Look at the corn! Only a fool would buy corn without looking at it.

I hope no one is offended by that statement. We all play the fool sometimes but you have to look at the fresh corn cob so you know what you are getting. You don’t want to get rotten kernels or accidentally bring home the worms that live in corn silks. Blessed are the grocery stores that have trash bins next to the corn because removing the hull and leaving it in the past is the way to go.

What To Look For:

Corn that looks healthy. It really is that simple. You want the color of the variety you’ve chosen to be a pretty color with no gray parts. The kernels should be plump and not wrinkly at all.

Nuts and Seeds

What is the difference between a seed and a nut? Some say that seeds grow on the outside of a fruit while nuts grow on the inside. Or, is it the other way around?

It’s a bit confusing!

Here at Easy Light Sources, nuts and seeds fall into the same category of being a nice plant-based source of protein.

Having one or two types of nuts and seeds available is a pantry staple for most vegans. They can be used creatively in a lot of ways or just eaten raw. Or roasted. Or whipped up into a nut butter (assuming you are the owner of a boss food processor).

We can talk about a few of them but usually they are interchangeable in recipes. There is a high risk of redundant information.

Commonly made into nut-milks: Almonds, cashews, walnuts, brazil nuts.

Commonly made into pie crusts: Almonds, walnuts, pecans

Commonly made into [raw] pie filling: Cashews, brazil nuts, macadamia nuts

Commonly made into something savory: Cashews, walnuts, sunflower seeds, brazil nuts

They are heavy in desserts and its easy to consume a lot of nuts when it is disguised as a slice of pie. Be conservative with the portions 🙂

Soak nuts before you use them to eliminate some phytic acid.



The original idea for this essay covered only cantaloupes and honeydew melons. There was a back and forth battle about whether or not to include watermelons, seeing as they are a little different.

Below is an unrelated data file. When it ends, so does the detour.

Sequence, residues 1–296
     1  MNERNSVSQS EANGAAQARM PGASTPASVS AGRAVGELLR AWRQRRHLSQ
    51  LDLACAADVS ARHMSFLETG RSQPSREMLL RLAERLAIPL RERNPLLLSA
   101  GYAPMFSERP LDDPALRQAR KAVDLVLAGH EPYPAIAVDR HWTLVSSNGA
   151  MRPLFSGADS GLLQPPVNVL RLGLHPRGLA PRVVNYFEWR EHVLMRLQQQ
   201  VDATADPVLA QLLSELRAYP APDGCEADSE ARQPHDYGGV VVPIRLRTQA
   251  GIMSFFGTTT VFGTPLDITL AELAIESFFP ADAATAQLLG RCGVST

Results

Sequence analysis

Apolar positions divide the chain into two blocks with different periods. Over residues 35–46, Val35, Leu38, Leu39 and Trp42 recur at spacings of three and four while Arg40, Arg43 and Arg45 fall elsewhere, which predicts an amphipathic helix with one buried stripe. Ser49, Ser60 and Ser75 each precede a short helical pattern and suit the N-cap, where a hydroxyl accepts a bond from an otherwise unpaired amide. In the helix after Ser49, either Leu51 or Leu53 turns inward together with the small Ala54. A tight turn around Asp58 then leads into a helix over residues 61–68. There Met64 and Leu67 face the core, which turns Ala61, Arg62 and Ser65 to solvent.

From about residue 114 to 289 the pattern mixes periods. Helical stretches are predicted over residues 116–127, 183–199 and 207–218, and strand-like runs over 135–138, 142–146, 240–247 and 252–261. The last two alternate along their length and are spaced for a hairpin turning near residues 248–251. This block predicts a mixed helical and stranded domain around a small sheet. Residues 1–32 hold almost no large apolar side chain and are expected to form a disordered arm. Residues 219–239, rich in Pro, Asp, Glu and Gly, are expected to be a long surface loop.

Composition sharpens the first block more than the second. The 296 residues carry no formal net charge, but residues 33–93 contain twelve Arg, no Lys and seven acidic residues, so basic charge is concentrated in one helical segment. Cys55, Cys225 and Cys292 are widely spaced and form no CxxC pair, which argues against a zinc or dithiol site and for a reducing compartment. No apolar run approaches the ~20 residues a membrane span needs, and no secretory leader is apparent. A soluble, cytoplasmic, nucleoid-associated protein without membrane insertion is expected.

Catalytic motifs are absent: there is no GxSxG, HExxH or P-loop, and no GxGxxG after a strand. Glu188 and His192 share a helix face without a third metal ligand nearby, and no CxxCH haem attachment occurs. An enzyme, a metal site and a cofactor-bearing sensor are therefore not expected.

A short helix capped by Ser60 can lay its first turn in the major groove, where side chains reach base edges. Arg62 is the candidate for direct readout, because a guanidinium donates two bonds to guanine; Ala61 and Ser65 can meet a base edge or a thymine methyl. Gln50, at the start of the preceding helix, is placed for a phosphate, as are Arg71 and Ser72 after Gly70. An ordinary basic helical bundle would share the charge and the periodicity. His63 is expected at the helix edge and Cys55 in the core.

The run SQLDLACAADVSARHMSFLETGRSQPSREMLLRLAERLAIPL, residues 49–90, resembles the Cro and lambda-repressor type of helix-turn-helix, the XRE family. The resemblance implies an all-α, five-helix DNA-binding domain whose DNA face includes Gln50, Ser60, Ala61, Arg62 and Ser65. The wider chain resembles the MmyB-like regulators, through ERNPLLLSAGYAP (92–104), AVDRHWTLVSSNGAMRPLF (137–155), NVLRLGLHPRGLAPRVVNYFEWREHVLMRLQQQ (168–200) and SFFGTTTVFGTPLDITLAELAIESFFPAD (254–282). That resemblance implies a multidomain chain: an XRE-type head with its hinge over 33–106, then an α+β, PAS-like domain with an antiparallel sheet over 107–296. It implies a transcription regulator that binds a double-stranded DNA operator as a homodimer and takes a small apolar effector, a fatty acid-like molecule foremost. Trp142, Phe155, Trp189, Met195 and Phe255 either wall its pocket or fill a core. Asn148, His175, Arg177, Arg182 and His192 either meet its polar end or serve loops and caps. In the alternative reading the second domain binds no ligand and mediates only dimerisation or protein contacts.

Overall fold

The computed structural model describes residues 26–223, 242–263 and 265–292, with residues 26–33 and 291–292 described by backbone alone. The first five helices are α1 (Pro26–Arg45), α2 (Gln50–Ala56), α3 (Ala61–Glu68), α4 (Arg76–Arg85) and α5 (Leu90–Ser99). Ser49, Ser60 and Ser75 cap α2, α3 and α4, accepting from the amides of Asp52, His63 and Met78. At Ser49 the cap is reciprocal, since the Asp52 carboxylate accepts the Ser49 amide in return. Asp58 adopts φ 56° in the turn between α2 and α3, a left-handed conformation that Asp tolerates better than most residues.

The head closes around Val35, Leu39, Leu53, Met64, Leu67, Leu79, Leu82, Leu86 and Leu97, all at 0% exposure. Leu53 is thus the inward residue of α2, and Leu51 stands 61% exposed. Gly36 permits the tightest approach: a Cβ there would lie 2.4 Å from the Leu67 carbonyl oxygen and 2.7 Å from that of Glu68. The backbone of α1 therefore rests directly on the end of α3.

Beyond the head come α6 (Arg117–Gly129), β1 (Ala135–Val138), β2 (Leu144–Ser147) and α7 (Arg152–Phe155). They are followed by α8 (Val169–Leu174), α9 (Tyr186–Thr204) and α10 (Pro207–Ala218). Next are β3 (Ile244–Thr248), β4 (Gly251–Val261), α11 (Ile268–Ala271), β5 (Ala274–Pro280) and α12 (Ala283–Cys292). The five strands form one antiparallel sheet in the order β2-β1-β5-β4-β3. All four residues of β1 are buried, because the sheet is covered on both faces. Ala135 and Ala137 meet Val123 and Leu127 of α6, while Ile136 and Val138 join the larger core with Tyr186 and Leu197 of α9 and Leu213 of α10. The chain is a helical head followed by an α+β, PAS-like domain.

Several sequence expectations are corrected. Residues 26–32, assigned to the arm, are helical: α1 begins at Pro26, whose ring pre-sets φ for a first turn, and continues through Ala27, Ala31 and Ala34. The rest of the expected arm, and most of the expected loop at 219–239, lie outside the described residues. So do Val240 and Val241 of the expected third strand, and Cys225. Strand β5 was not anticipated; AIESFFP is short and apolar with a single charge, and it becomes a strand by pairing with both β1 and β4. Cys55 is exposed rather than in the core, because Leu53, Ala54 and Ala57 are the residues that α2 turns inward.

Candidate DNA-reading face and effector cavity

In my biased opinion, seeded watermelons reign supreme over all others.

All melons mentioned in this body of work share the similarity of having a high water content and an abundance of seeds. That’s why they are perfect for eating in the summer time! The flavor of the melon depends on the variety that you’re getting.

They are usually affordable too, especially when bought in season. Cantaloupes can be found abundantly in most pre-made fruit salads. Honeydews also, just to a lesser degree. Are you cool with that?

If you’re buying cantaloupes, follow the smell. You will not have to hunt to find a ripe cantaloupe, the fragrance will find your nose.

If you’re buying a honeydew, buy one that is blemish free with no soft spots.

If you’re buying a watermelon, get one with seeds. Among other things, the ones with seeds usually tend to be the sweetest. Also, if you’re looking for a sweet watermelon, get one with a yellow patch on it so you can kind of see how it sat in the dirt for a while as it grew.

Watermelons are so cool. Such a big fruit filled with water and it all comes from 1 seed.

Nice yellow patch on this one. Yes, it was sweet.



Crunchy, long, and green. That’s a cucumber for you. They are sold as whole produce in the grocery store. Baby cucumbers are also a thing, although finding them fresh can be tough given the fact that small cucumbers are also made into pickles.
If this essay included gardening tips, I would point out that small cucumbers are ideal for eating. The advice that follows would be to harvest them before they grow as big as the ones in the grocery store. Why? Personal preference, mainly… Big cucumbers should be at least partially peeled before serving, if only for a more enjoyable eating experience.

Choosing a cucumber:

Look for cucumbers that are evenly sized and have smooth skin.
Absolutely NO: fragrance/odor. Also avoid soft or wrinkly cucumbers because they’re probably old.

English Cucumbers

There are the long, narrow cucumbers that come shrink wrapped in plastic. The environmental sin can almost be forgiven because of the convenience of working with this variety. The outer skin of these are thinner and does not require peeling. They usually cost more too (probably to cover the cost of the excess plastic.)


White foods come with the assumption that they’re somewhat bland in flavor (see:tofu). The optimistic way to view these foods would be as a blank canvas that is ready to take on whatever flavor profile you throw at it.
Cauliflowers are sold as individual heads. Sometimes they come in their own plastic bag package. Organic cauliflower heads cost more (unsurprisingly) and are usually smaller too. However, do not let the small size deter you from buying organic.
See, cauliflower is one of those foods that can do more than expected. Cut up and roasted, you can make a side dish to feed 3-4 people. When blended with other ingredients into a sauce, this white vegetable will give you more bang for your bucks.

What to look for when buying cauliflower:

– Round and full cauliflower heads
– White flowers (get a good look at it)
– Gray colored patches indicate old cauliflower. If you decide to buy it when it looks like this, make sure you use it that day.
– Slimy/slick parts of cauliflower mean that it’s r o t t e n.

sheep cauliflower


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